Whatever you do, do NOT work just for money!
Would you want to work for the type of boss portrayed here by Will Ferrell?!
The average person works roughly 260 days a year. Accounting for 50 years of employment, we reach an estimated 13,000 working days in our lifetime. That’s a LOT of time. Shouldn’t at least we work for someone we like?
People often judge a job based solely on their compensation. But no amount of money in the world is worth working for someone who will slowly sap your sanity day by day. Some bosses are so toxic they can transform an otherwise peaceful existence into an existential hell. A good manager can make all the difference no matter what your field is, be it office work, field work, retail, or laborer. A good manager knows how to motivate, inspire, drive, energize, empower, etc. (you get the idea)
Before you accept a new position it's important not only just to see what your remuneration will be, but also who you will be reporting too.
So, how do you know your manager will be good?
1. Ask around! Before you take a job working for someone, try and find out a little bit about them.
2. Cyberstalk them! Go through their online profiles, especially LinkedIn. Are they showing stability at work or have they moved around a lot? Do they post videos of themselves or others torturing small animals or attending lectures about humanistic management styles?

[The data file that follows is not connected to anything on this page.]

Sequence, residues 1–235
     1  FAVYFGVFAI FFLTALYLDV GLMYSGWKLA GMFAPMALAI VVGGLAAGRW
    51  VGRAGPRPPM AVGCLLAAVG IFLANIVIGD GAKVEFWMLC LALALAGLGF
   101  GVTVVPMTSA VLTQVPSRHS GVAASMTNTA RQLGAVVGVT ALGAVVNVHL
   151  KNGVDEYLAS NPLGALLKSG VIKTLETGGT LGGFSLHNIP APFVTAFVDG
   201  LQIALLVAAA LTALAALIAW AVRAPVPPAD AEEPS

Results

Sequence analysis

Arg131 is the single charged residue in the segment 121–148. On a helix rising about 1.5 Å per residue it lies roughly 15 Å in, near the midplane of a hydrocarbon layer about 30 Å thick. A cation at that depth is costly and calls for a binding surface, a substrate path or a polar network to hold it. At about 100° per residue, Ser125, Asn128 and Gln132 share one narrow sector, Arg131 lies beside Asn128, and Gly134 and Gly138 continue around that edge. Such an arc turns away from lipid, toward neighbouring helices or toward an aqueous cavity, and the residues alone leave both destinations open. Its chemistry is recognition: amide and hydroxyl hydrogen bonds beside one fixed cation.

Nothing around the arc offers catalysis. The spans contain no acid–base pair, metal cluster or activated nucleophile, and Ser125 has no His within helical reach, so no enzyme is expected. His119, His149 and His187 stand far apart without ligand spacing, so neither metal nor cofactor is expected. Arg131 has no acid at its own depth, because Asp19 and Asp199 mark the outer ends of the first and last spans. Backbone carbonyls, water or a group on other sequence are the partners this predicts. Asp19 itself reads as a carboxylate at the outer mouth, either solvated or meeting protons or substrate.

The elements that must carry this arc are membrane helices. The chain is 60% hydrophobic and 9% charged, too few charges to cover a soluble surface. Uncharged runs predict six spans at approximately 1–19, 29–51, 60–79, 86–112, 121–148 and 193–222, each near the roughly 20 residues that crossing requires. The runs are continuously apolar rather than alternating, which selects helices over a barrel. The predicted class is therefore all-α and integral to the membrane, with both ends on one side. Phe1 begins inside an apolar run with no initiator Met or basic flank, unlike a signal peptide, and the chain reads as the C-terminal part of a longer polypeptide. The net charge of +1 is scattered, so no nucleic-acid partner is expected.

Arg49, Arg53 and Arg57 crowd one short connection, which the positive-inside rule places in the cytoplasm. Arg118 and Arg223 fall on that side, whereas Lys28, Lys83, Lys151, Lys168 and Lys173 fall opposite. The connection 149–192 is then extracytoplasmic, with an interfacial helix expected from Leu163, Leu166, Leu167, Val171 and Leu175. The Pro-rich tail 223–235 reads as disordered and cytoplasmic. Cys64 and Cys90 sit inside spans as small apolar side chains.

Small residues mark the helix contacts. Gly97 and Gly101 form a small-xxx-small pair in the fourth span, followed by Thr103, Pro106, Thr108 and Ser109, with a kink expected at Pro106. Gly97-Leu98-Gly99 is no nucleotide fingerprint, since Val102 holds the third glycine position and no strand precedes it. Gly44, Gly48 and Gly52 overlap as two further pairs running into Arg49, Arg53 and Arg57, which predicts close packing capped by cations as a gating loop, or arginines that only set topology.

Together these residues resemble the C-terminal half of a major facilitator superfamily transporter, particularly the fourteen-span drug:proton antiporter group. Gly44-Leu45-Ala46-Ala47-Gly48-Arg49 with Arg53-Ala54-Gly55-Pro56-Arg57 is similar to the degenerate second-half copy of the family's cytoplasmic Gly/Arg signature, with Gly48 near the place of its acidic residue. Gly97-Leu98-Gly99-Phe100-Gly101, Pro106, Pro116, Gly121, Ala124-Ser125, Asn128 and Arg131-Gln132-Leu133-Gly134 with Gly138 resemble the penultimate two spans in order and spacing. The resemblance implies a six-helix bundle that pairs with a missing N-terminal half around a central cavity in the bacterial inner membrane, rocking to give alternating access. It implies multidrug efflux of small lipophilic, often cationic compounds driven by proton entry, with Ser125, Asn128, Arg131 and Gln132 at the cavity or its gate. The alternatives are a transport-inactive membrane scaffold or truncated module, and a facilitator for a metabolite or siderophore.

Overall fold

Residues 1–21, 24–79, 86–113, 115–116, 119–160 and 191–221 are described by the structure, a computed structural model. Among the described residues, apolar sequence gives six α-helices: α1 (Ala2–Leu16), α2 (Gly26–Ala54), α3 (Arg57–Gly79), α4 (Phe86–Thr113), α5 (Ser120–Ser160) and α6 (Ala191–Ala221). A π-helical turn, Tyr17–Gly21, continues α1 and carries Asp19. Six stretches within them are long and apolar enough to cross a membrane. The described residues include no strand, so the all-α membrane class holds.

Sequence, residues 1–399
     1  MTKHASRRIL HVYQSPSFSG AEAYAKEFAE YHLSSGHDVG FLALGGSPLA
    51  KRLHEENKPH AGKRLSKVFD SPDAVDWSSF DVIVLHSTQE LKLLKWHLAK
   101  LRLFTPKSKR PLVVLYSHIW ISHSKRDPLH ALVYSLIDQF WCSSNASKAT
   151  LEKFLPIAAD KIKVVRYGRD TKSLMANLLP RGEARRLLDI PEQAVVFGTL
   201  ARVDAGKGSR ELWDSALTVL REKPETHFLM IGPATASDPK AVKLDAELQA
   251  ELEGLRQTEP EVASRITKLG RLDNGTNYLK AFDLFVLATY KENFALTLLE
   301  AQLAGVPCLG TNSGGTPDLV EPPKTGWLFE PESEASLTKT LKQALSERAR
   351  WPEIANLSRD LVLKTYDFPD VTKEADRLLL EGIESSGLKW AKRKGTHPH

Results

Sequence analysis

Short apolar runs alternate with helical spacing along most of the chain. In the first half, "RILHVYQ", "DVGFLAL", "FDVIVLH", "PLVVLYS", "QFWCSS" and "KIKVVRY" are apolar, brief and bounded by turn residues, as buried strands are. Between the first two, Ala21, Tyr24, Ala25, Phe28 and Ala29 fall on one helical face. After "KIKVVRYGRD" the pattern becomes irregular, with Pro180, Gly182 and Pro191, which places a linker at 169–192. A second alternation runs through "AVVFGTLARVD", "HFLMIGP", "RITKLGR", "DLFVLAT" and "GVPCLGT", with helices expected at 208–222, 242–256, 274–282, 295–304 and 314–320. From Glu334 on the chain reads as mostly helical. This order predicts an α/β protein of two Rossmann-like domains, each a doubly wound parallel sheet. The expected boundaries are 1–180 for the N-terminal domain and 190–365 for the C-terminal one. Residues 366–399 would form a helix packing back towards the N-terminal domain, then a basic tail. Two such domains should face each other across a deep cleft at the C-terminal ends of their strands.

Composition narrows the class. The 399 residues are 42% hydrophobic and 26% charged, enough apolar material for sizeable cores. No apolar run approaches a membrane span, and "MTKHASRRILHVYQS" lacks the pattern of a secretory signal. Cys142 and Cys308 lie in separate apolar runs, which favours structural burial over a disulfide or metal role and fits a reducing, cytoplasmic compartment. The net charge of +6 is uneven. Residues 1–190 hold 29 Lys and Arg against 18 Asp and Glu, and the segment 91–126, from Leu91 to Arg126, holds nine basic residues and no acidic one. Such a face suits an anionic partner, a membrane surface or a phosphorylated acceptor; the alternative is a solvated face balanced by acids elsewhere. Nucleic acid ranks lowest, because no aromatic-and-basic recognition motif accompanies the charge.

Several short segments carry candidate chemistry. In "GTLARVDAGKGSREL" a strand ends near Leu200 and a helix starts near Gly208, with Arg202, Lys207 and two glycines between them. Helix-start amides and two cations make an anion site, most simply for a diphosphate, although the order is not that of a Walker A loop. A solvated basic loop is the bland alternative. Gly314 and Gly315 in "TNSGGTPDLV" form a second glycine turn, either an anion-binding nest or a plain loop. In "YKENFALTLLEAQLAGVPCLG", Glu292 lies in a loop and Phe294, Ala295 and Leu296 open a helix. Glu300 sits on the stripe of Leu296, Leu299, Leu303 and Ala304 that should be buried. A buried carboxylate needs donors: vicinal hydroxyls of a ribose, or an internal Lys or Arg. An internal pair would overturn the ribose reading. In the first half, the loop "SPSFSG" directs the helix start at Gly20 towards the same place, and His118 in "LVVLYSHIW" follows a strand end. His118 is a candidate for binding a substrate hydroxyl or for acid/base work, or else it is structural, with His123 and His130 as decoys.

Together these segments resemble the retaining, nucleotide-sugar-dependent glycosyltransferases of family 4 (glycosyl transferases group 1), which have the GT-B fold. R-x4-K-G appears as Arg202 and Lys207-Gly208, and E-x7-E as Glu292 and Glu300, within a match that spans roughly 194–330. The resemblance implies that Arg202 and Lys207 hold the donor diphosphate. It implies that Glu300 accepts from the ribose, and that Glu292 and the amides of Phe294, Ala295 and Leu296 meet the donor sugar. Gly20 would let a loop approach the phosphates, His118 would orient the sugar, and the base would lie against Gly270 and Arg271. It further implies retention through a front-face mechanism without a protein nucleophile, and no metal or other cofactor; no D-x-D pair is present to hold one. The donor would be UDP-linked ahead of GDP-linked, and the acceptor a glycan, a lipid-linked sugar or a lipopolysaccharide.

3. Ask them about the retention of their team members and get a sense for the attrition rate which might indicate a management problem.
4. If you are being hired to replace someone, find out how long they were on the job for and probe gently about why it is they left.
5. Just ask them! “How would you describe your management style?” Some managers might joke around and say, “I am a real pain to work with”, well the old saying goes, “There’s truth in humor”.
6. When you visit the office try and gauge the mood of the team. Do they look happy or miserable? Sometimes it’s so transparent you should just head for the door.
7. Ask the receptionist. This is a bit touch and go but if he or she seem the talkative type, just say something like, "Any tips for me, when I meet with "Joe". If "Joe" is truly an awful manager they'll often find a nice way to warn you.
If you find yourself working for a manager who is a nasty, negative, or irrational person, head for the hills as fast as you can, even if it means taking a lower paying job in the short term. After all, money doesn’t necessarily trump sanity.
Next week we'll look at some reasons why working for a great manager might be more important than you realize.